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Architect George C. Nimmons

George C. Nimmons (1865-6/17/1947) Chicago, Illinois (F.A.I.A.)

Active in practice for nearly 50 years, prominently known in Chicago, Mr. Nimmons was a former president of the local Chapter of the American Institute of Architects, and a long-time member of the Illinois Society of Architects. He was a native of Wooster, Ohio, educated at the local Academy in 1897, later studied architecture in Europe. Shortly after returning to the U.S., at the age of eighteen, he entered the Chicago office of Burnham & Root, and for a decade continued to serve as draftsman for the firm.

In 1897 Mr. Nimmons formed a partnership with William K. Fellows, which continued until 19110, and in that period the firm planned a number of large commercial buildings in Chicago, with the huge Sears & Roebuck Plant one of their most successful works. Following its completion, the partners were commissioned to design branch buildings for the company in several mid-western cities. Residential designs from that period included the R. W. Sears home located in Grayslake, Illinois (1906), and the twenty-room Prairie-style mansion built for Sears, Roebuck and Company president Julius Rosenwald in Chicago (1903).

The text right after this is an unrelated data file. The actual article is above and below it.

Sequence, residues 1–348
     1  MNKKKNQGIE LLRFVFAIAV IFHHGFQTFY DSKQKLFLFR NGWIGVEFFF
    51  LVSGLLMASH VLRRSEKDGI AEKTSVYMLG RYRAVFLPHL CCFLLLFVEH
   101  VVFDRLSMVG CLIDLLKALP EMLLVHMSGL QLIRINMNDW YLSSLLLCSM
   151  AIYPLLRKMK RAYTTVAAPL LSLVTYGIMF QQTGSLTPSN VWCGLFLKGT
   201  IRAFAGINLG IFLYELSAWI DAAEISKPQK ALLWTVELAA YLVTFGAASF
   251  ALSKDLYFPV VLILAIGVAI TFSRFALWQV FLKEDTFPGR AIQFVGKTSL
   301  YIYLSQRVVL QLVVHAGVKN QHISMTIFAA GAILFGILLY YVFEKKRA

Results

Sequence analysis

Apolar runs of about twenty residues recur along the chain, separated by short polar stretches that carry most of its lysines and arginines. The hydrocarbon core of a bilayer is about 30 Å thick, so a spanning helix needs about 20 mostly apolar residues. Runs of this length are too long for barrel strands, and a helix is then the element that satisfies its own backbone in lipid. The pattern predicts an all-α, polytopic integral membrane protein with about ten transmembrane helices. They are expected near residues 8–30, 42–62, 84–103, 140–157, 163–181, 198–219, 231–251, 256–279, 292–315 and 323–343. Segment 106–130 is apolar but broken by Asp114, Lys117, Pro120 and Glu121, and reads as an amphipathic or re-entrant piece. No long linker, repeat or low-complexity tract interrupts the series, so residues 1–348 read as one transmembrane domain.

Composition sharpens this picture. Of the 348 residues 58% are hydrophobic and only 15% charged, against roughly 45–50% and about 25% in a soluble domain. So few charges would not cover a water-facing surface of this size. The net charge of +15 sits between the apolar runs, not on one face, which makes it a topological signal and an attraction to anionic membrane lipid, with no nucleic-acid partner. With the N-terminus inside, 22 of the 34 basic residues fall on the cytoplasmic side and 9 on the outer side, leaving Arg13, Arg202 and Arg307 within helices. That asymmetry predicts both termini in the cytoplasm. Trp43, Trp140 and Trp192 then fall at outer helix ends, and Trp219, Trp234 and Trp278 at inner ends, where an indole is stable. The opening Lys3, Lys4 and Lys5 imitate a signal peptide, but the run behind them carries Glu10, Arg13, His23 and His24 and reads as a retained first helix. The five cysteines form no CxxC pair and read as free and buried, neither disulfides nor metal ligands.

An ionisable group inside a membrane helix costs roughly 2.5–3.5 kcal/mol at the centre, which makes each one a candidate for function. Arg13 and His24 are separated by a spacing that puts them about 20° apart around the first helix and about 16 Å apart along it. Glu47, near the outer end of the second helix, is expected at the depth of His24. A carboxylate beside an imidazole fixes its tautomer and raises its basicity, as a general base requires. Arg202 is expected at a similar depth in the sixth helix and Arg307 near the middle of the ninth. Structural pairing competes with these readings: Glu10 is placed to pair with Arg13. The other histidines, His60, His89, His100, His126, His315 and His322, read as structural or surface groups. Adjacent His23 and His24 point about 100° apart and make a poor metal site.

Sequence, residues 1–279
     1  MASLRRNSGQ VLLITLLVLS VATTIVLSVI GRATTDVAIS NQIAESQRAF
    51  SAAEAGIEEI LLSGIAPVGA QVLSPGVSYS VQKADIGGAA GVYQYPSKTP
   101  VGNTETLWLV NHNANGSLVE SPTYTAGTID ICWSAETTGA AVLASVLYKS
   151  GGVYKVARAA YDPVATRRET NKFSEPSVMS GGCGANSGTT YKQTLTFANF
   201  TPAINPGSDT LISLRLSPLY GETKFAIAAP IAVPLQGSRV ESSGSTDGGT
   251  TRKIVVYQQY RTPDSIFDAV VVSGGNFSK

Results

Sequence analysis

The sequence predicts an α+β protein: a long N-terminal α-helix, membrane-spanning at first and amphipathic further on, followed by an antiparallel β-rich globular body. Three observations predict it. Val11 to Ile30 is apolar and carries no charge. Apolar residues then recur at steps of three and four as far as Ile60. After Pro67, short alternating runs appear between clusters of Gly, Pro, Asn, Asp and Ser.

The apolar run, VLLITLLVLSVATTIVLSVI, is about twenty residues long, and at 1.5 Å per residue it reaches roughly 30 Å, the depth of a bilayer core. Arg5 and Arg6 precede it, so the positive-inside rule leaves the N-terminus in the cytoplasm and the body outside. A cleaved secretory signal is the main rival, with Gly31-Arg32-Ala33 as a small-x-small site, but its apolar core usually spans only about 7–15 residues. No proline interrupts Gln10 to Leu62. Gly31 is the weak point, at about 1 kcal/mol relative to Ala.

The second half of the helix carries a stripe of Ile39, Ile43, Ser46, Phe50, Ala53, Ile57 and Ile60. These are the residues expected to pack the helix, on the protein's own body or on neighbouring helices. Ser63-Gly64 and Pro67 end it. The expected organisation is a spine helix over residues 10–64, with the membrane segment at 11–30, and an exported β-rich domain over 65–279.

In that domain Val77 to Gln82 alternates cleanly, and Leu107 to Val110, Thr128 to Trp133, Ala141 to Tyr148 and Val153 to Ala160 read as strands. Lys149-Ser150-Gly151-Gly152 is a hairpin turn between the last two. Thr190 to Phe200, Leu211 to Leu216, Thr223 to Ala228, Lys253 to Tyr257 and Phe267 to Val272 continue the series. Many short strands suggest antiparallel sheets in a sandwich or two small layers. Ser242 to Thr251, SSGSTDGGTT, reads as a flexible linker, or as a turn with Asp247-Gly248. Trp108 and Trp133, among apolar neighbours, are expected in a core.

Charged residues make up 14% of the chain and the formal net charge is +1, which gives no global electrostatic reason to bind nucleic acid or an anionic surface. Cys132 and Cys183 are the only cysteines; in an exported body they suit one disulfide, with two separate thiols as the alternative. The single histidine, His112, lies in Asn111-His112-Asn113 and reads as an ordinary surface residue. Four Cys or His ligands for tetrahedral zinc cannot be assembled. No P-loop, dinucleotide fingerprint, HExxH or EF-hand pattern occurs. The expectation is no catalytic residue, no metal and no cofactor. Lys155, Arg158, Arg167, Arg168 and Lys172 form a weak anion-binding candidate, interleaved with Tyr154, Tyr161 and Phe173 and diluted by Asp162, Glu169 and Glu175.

In the years between 1910 and 1917, Mr. Nimmons practiced alone, subsequently (1917-1933) carried on work as head of his own firm, George C. Nimmons & Company. Some of the projects from these two periods include The Sears, Roebuck and Company Building, North Kansas City, Missouri (1912-13) and several works in Chicago including the Franklin Building (1912), the C. P. Kimball & Company Building (1913), the Reid, Murdoch & Company Building (1913), the Adams Schaaf Building (1916), the Union Special Machines Company Building (1918), the Kelley Building (1921) and the American Furniture Mart (1923, 1926).

In the final phase of his career (1933-1945), he continued as senior partner of the firm of Nimmons, Carr & Wright, with an office at 333 North Michigan Avenue.

Nimmons, who married Justine V. Wheeler in 1898 (they had three children), retired in 1945. After being active in practice for nearly half a century, Nimmons died on June 17th, 1947.